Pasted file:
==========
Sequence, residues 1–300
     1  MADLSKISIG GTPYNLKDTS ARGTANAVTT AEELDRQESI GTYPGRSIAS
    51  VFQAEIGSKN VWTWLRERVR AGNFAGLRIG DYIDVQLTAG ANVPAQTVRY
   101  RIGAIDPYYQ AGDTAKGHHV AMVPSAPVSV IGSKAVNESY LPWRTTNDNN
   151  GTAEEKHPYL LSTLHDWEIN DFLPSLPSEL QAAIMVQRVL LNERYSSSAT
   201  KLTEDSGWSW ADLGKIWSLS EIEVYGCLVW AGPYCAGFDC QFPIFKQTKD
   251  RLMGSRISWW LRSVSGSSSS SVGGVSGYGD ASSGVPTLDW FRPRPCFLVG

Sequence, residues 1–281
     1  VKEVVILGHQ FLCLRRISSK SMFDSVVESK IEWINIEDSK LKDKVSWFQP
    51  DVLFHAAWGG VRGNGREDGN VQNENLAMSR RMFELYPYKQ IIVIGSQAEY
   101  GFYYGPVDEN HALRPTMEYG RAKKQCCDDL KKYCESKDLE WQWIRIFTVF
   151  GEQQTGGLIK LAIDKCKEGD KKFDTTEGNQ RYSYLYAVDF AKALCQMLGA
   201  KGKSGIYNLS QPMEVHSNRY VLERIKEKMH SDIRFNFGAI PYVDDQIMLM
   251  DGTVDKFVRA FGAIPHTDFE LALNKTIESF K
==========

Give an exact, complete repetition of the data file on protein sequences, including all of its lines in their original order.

Sequence, residues 1–300
     1  MADLSKISIG GTPYNLKDTS ARGTANAVTT AEELDRQESI GTYPGRSIAS
    51  VFQAEIGSKN VWTWLRERVR AGNFAGLRIG DYIDVQLTAG ANVPAQTVRY
   101  RIGAIDPYYQ AGDTAKGHHV AMVPSAPVSV IGSKAVNESY LPWRTTNDNN
   151  GTAEEKHPYL LSTLHDWEIN DFLPSLPSEL QAAIMVQRVL LNERYSSSAT
   201  KLTEDSGWSW ADLGKIWSLS EIEVYGCLVW AGPYCAGFDC QFPIFKQTKD
   251  RLMGSRISWW LRSVSGSSSS SVGGVSGYGD ASSGVPTLDW FRPRPCFLVG

Sequence, residues 1–281
     1  VKEVVILGHQ FLCLRRISSK SMFDSVVESK IEWINIEDSK LKDKVSWFQP
    51  DVLFHAAWGG VRGNGREDGN VQNENLAMSR RMFELYPYKQ IIVIGSQAEY
   101  GFYYGPVDEN HALRPTMEYG RAKKQCCDDL KKYCESKDLE WQWIRIFTVF
   151  GEQQTGGLIK LAIDKCKEGD KKFDTTEGNQ RYSYLYAVDF AKALCQMLGA
   201  KGKSGIYNLS QPMEVHSNRY VLERIKEKMH SDIRFNFGAI PYVDDQIMLM
   251  DGTVDKFVRA FGAIPHTDFE LALNKTIESF K